“Not everybody has the personality, the makeup to be comfortable to go talk to a player about his game,” coach Martin St. Louis said. “That’s great to have.”

Thinking ahead, yes, the idea of Caufield-Suzuki-Slafkovský being a line for a decade in Montreal looks like a great place to start rebuilding a team, but if Slafkovský becomes what he looks like he is becoming — a legitimate top-end power forward — then having him and Dach anchoring one line while Suzuki and Caufield anchor another makes a lot more sense from a team-building perspective.

But the other component here is how receptive Slafkovský is to instruction. The coaching staff raves about his desire to get better, St. Louis has repeatedly referred to him as a sponge, and now Dach can say the same, as can Suzuki, for that matter.

“He’s a great playmaker,” Suzuki said last week. “Everyone’s telling him to shoot, and I’m telling him to make plays. You can’t just be set on one thing, you have to be open to any option and I think he’s been doing a really good job of that lately. People, media are telling him he should shoot more, I mean, he’s got a great shot, and we all love when he shoots, but you want to make the right play.”

Suzuki and Slafkovský will have conversations on the bench between shifts where those observations Suzuki has about his decisions on the ice are discussed.

“Yeah, about reading the game, hold on to the puck more, try to make plays,” Slafkovský said. “Of course, shoot when I have a chance. But I feel like I, myself, I know I can make plays, but he’ll tell me things, like if I get rid of the puck too early and he sees I could have made a play, he’ll tell me about that and tells me to trust myself to do it.”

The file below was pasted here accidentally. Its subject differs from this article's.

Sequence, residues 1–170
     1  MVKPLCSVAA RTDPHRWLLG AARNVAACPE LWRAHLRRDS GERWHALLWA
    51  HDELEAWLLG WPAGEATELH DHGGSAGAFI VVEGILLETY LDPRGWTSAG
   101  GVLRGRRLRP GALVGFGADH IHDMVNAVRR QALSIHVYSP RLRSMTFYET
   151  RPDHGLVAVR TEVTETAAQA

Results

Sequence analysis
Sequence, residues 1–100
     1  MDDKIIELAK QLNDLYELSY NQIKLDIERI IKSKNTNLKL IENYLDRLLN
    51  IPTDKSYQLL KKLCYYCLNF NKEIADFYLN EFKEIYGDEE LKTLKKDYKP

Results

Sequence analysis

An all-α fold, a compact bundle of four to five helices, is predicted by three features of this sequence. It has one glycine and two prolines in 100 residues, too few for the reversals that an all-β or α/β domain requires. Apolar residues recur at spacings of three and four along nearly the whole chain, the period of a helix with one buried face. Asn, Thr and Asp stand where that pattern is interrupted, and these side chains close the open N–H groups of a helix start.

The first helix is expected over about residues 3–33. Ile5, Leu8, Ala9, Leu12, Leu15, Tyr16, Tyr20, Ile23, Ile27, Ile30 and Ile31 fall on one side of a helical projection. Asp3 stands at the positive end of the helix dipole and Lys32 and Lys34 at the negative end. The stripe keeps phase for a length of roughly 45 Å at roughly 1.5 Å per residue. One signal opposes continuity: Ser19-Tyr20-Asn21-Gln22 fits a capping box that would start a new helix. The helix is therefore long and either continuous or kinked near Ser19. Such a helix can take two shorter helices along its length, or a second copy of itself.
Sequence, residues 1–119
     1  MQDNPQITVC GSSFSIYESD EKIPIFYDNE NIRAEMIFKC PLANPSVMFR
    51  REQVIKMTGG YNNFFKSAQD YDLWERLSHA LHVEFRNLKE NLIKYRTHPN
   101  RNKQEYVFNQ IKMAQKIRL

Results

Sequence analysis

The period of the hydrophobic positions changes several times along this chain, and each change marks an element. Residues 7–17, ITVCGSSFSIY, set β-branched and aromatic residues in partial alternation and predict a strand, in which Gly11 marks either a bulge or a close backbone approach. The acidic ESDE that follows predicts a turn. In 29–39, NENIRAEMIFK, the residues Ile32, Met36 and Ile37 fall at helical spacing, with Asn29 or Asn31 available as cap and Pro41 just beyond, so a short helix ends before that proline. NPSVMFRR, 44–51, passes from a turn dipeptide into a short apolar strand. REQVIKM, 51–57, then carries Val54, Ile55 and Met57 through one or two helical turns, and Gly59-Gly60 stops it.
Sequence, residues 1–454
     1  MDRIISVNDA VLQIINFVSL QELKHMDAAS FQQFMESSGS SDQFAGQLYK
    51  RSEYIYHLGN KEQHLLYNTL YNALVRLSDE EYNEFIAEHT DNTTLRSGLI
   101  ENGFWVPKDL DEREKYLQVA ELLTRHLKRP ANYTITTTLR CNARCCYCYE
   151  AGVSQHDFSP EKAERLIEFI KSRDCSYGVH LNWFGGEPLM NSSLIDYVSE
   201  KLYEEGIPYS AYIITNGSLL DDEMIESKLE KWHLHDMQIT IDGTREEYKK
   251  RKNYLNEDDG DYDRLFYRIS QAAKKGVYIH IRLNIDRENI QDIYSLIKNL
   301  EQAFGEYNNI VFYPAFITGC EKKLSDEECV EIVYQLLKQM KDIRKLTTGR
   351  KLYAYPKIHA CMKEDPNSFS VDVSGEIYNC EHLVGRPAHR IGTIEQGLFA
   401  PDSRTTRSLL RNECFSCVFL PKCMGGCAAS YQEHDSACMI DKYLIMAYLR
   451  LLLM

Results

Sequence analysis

The same evening Suzuki made those comments about Slafkovský, he did this.

Taking a shot would have been perfectly acceptable for Slafkovský there, but he didn’t shoot, he made the right play. He listened to Suzuki instead of listening to all the people telling him to shoot it more — the media, the fans, even his mom.

“Yeah, but that’s Suzy,” he said, “he’s a little smarter than everyone.”

Slafkovský has given fans a lot to get excited about over the last couple of months. But what’s become clear is his ability to take instruction and incorporate it into his game is very strong. Considering he doesn’t turn 20 until the end of March, that is an important quality to have.

Keeping Kirby Dach engaged

Dach has been a constant presence around the team this season. He is present at just about every game. He sits on the bench during morning skates regularly. But the way St. Louis has kept him involved is truly unique.